1. Before purporting to sign a blind man with (potentially) questionable capacity up to an agreement to pay 100% success fee on costs, where there had been a pre‑LASPO CFA with a success fee of 67%, McMillan Williams should have advised him to take independent legal advice.  They did not do so, because they saw no need.  They were intending to claim under CFA 1 to the point where he left to be represented by Ms Khan and under CFA 2 from the point where he returned to McMillan Williams.
  1. There is nothing contemporaneous on the file to suggest otherwise, and certainly nothing that would show that Mr Farmer knowingly made what would have been a colossally bad bargain and one which – if it had indeed been made – would have created a massive conflict of interest with McMillan Williams.
  1. Accordingly, I find – as Mr Smith invited me to do – that the only proper interpretation of CFA 2 is that it is retrospective only to around 14 May 2015, and not to around 20 October 2012.
  1. That being the case, there is no retainer under which parts two and three of the bill can be recovered, so they would need to be deducted as well. 
  1. Now, at this point I tried to do arithmetic on the new bill, and the new bill is still wrong. The bill total is £116,192.50 – I agree that – but looking on page 20 of the new bill there is  £106,037.98 – that is costs – plus £22,026.25 VAT, plus £6,977.25 disbursements.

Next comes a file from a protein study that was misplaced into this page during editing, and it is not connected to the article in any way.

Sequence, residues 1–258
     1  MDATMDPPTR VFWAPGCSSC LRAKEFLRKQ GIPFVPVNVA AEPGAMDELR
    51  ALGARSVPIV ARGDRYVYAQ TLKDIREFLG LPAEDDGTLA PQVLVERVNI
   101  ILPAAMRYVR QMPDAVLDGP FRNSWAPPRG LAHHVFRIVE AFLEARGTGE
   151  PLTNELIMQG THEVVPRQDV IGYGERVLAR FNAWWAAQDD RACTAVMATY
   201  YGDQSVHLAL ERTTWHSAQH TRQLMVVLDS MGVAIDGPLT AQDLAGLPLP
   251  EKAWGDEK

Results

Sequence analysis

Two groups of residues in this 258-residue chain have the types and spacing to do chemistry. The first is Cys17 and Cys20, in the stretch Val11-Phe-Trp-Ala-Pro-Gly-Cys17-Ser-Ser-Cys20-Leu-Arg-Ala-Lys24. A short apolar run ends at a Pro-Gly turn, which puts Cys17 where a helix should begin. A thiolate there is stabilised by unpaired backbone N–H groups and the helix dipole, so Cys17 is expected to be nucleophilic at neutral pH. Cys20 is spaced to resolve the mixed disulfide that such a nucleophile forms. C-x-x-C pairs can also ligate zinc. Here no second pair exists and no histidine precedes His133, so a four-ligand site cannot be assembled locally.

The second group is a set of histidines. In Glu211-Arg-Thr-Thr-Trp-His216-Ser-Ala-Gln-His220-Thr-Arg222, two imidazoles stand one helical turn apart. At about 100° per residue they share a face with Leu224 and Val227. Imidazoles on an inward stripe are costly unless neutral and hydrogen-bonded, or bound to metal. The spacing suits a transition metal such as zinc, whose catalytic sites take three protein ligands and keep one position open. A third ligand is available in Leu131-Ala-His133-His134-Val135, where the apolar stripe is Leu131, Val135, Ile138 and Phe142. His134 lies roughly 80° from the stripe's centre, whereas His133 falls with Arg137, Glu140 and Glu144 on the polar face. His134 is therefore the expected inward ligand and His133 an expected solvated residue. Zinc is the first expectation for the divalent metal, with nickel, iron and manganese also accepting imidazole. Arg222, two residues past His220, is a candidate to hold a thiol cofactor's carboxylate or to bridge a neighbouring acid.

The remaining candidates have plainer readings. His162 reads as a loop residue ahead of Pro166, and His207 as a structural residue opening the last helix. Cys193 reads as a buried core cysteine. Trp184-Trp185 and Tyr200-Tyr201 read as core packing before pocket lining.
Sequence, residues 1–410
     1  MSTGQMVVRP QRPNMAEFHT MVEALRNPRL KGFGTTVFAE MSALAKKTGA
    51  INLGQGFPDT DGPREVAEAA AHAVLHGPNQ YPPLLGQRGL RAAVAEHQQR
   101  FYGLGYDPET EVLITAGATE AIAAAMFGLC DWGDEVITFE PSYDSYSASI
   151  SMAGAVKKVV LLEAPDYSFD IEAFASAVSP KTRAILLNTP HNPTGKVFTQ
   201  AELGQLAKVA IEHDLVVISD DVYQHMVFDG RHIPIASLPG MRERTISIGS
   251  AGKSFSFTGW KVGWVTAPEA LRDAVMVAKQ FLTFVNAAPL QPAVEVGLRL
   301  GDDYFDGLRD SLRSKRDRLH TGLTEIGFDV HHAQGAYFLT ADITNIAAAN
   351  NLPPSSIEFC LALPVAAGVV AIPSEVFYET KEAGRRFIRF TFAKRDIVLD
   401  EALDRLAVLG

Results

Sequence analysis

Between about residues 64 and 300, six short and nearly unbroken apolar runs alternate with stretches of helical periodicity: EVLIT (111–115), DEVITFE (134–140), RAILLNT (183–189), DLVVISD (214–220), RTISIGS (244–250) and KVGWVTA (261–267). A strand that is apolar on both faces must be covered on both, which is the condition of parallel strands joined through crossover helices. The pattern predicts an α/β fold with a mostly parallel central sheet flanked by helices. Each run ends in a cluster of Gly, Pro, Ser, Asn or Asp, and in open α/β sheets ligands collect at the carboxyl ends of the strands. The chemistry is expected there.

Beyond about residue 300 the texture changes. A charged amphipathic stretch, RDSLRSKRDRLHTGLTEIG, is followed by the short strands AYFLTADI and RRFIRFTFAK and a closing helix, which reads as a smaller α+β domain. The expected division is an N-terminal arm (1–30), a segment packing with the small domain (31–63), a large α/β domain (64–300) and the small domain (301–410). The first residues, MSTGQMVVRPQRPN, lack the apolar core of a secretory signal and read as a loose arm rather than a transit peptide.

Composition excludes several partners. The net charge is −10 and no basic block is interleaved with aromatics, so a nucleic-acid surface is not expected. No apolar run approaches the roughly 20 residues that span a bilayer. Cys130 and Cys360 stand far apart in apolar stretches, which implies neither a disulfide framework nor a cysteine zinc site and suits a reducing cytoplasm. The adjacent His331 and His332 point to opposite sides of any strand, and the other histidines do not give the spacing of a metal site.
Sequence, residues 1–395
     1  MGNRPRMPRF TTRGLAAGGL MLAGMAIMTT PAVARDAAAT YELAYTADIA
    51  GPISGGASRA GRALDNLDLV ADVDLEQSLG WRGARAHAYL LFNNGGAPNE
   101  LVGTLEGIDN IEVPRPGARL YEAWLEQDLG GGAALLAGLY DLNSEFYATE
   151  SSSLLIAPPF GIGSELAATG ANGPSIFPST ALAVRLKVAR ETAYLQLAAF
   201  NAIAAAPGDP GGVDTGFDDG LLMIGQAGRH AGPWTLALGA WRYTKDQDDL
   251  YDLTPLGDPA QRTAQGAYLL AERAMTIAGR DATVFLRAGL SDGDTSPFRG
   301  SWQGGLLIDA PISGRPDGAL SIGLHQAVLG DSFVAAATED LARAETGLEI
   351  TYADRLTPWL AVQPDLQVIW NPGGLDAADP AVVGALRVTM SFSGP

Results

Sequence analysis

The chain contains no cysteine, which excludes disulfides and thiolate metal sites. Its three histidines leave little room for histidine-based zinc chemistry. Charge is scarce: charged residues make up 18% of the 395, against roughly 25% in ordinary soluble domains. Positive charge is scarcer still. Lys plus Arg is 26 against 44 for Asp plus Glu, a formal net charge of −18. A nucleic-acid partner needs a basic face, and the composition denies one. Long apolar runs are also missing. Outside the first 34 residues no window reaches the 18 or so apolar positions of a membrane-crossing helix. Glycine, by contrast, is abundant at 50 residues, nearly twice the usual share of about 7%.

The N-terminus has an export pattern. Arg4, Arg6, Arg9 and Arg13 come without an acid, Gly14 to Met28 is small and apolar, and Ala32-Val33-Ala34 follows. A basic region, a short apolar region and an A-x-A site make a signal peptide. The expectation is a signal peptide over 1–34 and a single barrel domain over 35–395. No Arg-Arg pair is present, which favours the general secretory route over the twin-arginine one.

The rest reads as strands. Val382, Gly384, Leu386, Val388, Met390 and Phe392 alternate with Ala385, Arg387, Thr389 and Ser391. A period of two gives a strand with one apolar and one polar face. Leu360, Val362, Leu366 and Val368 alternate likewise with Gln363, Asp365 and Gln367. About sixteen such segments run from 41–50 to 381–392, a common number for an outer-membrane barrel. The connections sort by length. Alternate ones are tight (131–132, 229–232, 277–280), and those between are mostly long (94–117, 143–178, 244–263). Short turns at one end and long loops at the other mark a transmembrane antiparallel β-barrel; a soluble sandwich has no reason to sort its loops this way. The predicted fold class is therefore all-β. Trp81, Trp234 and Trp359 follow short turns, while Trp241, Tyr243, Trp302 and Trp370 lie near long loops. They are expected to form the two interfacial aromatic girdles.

1. Anybody around this table being of the costs persuasion will know that 106 plus 22 plus 6 is more than 116.  I make the total £135,041.48, and part of the reason why I took longer to get this judgment out than I had hoped is that it took me a while to track down what has happened.
  1. In part three (in the summary) the receiving party still have the success fee in there – £39,151,48 includes the success fee.  Whilst in the final total it has come out, it is still in that summary.  It is not helpful.
  1. If we take off part two, by my arithmetic that is £20,247.60.  If we take off part three, I initially calculated it at £48,020.78 but that is including that success fee; minus that success fee it is £29,171.80.  That would leave a bill in the order of £66,773.10 – certainly that is the total in part four.  With part one as well it would come to about £68,000.